Have you ever noticed something particularly unusual about one of your coins? Perhaps a missing date, denomination or an error in the design?
Well, that’s what happened to one collector who noticed something unique about their 20p coin…
A ‘spectacular error’
The 20p in question was minted in 1990 for a British overseas territory, and was sold as part of a set. However, instead of having the usual cupro-nickel finish, it was struck on a copper-plated blank intended for a different country.
Collector, Alun Barker saw this unusual coin listed on eBay in December 2017 and bought it for just £50. But he was pleasantly surprised when, just a month later in January 2018, the coin was confirmed as a genuine error by The Royal Mint, who issued a certificate of accreditation. They also confirmed it was the only known 20p in existence with with error, making it one of a kind!
Exceeding expectations at auction
Alun decided to have the coin valued by specialists, Tennants Auctioneers, who initially estimated it could fetch as much as £1,200 at auction. However, when he decided to part with the coin in August 2023, Alun was astonished to find out it had sold for a whopping £1,400!
Not the first rare 20p error…
The ‘Bronze 20p’
In 2017, collector David Crosier found a 20p coin with an unusual finish, which he assumed to be bronze plated. He sent the coin to The Royal Mint to check, and after x-ray fluorescence spectrometry, they confirmed it was a genuine minting error.
Somehow, a 1p blank had made its way into the presses and a 20p was mistakenly struck onto it.
The undated 20p
Considered by many as the ‘Holy Grail of change collecting’, the undated 20p is undoubtedly at the top of most serious collectors’ wish lists. In 2008, an unknown number of 20p coins were released into circulation without a date on either the obverse or reverse. This followed a die mix up after the new Royal Shield design was introduced.
The Royal Mint confirmed this was the first time in over 300 years that a coin had entered circulation without a date, making it extremely sought-after by collectors. They also confirmed that, whilst exact quantities are unknown, no more than 250,000 of these undated coins made it into circulation.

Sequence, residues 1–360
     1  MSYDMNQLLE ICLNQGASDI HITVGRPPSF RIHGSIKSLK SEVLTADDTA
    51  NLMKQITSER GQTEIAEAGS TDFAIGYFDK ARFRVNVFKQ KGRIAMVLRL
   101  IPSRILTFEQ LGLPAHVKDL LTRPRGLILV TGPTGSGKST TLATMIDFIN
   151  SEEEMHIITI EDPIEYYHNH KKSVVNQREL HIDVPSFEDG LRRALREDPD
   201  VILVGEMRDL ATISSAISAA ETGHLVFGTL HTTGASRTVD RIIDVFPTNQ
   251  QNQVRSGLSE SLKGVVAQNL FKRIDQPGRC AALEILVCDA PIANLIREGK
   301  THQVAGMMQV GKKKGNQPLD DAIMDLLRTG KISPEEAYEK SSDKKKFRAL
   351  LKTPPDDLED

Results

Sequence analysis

These coins have been listed on the secondary market with a value as high as £10m, however you should always check the sold listings on secondary market sites to see how much collectors are actually willing to pay for a coin.
Our latest eBay Tracker shows that the undated 20p is currently selling for around £52.
Have you ever found an error coin in your change? Let us know in the comments!
The Kew Gardens 50p, Commonwealth Games Northern Ireland £2 and ANY of the A-Z 10ps are likely to be on your collecting wish-list, but have you ever considered that some of the 5p coins in your change might be worth holding on to?
The smallest of our UK coinage – weighing in at just 3.25g, with a diameter of only 18mm – is often overlooked when it comes to collecting. But what if I told you some of them have been known to sell for over £60 on the secondary market?!
What are the rarest 5p coins?
Unlike the Kew Gardens 50p (which has a mintage of just 210,000), 5p coins are often minted in the tens of millions, or even billions! However, the 1977 5p is the rarest with a mintage figure of 24,308,000. Compare this to the 1990 5p which had a circulating mintage of 1,634,976,005 and you’ll see why it’s pretty rare!
2008 First 5p with the shield design
In 2008, 40 years after the first decimal coins appeared in circulation, our UK definitive coins had a face lift, with brand new designs being released.
A competition was held, with people submitting their designs for the six key coin denominations, leaving out the £2 coin. Over 4,000 designs were submitted, but graphic designer Matthew Dent won the competition with his heraldic design of six coins, with the 1p-50p coins aligning to form the Royal Shield – shown as a complete design on the £1 coin.
As the first year definitive coins were issued with the shield design, 2008 dated 5ps are somewhat coveted by collectors. Although you’re unlikely to see the 2008 or 1977 5p coins fetch above face value, they are certainly interesting ones to collect.